you

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you

 (yo͞o)
pron.
1. Used to refer to the one or ones being addressed: I'll lend you the book. You shouldn't work so hard. See Note at y'all, you-uns.
2. Used to refer to an indefinitely specified person; one: You can't win them all.
3. Nonstandard Used reflexively as the indirect object of a verb: You might want to get you another pair of shoes. See Note at me.

[Middle English, from Old English ēow, dative and accusative of , ye, you; see yu- in Indo-European roots.]

you

(juː; unstressed)
pron (subjective or objective)
1. refers to the person addressed or to more than one person including the person or persons addressed but not including the speaker: you know better; the culprit is among you.
2. Also: one refers to an unspecified person or people in general: you can't tell the boys from the girls.
3. chiefly US a dialect word for yourself or yourselves: you should get you a wife now. See yourself
n
4. informal the personality of the person being addressed or something that expresses it: that hat isn't really you.
5. you know what you know who a thing or person that the speaker cannot or does not want to specify
[Old English ēow, dative and accusative of ye1; related to Old Saxon eu, Old High German iu, Gothic izwis]
Usage: See at me1

you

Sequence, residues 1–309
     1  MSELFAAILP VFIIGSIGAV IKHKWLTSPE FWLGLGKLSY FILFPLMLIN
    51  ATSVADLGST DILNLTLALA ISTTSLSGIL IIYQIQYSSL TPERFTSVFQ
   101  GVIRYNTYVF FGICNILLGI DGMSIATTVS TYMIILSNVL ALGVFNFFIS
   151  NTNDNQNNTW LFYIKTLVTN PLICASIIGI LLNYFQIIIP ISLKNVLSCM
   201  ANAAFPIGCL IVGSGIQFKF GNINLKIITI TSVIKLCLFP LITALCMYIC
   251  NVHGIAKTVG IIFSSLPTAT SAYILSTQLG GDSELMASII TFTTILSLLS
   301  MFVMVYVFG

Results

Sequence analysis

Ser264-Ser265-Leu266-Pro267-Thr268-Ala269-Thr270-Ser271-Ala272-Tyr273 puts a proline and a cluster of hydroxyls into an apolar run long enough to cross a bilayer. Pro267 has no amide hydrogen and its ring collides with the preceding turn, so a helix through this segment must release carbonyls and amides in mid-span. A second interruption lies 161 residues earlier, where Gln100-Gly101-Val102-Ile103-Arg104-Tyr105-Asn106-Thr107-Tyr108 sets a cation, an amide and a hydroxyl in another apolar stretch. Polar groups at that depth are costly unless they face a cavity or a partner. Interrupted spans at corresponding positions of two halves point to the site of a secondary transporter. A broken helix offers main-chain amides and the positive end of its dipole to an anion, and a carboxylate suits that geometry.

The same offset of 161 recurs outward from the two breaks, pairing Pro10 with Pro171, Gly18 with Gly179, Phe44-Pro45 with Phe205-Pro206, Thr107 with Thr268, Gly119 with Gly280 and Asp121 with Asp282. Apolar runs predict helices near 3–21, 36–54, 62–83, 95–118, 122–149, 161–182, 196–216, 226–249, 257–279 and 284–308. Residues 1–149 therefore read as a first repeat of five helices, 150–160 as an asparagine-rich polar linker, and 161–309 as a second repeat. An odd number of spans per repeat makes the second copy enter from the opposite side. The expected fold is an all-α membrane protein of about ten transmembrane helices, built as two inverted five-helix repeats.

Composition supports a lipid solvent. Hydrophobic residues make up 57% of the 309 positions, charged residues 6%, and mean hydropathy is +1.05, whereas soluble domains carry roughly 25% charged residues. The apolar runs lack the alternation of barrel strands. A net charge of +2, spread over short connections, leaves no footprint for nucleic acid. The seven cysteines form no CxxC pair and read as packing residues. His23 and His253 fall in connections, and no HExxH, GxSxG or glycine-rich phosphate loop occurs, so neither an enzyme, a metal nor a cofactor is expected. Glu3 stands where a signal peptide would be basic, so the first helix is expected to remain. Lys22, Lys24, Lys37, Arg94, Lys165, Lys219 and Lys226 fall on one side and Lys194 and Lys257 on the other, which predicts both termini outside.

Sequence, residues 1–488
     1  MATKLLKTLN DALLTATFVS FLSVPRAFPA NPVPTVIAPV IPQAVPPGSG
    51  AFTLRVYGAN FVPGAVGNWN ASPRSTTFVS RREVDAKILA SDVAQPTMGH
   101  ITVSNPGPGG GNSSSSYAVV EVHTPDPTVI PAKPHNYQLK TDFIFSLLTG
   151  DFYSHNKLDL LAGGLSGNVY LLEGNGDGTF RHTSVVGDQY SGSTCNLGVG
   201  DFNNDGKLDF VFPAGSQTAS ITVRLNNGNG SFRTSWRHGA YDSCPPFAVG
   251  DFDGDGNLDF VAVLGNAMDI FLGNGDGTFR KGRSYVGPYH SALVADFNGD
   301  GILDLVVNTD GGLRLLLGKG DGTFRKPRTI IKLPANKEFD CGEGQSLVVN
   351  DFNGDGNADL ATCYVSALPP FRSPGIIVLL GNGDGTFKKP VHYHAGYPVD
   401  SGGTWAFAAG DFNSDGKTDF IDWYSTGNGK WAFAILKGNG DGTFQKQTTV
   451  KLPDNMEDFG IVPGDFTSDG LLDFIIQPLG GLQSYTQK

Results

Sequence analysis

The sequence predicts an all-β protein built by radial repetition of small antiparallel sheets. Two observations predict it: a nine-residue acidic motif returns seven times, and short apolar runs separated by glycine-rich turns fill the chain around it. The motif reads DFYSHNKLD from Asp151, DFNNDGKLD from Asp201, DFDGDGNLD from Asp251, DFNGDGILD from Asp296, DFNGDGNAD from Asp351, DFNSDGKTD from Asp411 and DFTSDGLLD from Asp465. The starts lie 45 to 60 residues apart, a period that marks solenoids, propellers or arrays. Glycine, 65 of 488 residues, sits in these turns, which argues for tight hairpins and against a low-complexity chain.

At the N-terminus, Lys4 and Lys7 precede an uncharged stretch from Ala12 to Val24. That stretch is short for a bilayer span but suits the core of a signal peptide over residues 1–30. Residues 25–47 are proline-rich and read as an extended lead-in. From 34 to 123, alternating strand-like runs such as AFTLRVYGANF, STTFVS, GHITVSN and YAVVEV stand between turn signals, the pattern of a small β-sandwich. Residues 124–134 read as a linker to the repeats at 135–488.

(yu; unstressed yʊ, yə)

pron., poss. your yours, pron.
1. the pronoun of the second person singular or plural, used of the person or persons being addressed, in the nominative or objective case: You are the highest bidder. We can't help you.
2. one; anyone; people in general: a tiny animal you can't even see.
3. (used in apposition with the subject of a sentence, sometimes repeated for emphasis): You rascal, you!
4. (used in place of the pronoun your before a gerund or present participle): There's no sense in you getting upset.
5. Archaic.
a. yourself; yourselves.
b. a pl. form of the pronoun ye.
n.
6. something identified with or resembling the person addressed: That bright red shirt just isn't you.
7. the nature or character of the person addressed: Try to discover the hidden you.
[before 900; Middle English; Old English ēow (dat., acc. of ye1), c. Old Frisian ju, Old Saxon iu, Old High German iu, eu]
usage: In American English the pronoun you has been supplemented by additional forms to make clear the distinction between singular and plural. you-all, often pronounced as one syllable, is a widespread spoken form in the South Midland and Southern United States. Its possessive is often you-all's rather than your. you-uns (from you + ones) is a South Midland form; it is being replaced by you-all. youse (you + the plural -s ending of nouns), probably of Irish-American origin, is most common in the North, esp. in urban centers like Boston, New York, and Chicago. Both you-uns and youse are considered nonstandard. See also guy1, me, one.

one

youwethey
1. 'one'

One is sometimes an impersonal pronoun, showing that something is generally done or should generally be done.

One doesn't talk about politics at parties.

You can also use the possessive determiner one's and the reflexive pronoun oneself.

Naturally, one wants only the best for one's children.
We all understood the fear of making a fool of oneself.

One, one's, and oneself are fairly formal. Here are some other ways in which you can say that something is generally done or should be done:

2. 'you'

You can use you, your, yours and yourself, as we usually do in this book.

There are things that have to be done and you do them and you never talk about them.
Ignoring your neighbours is rude.
3. 'we'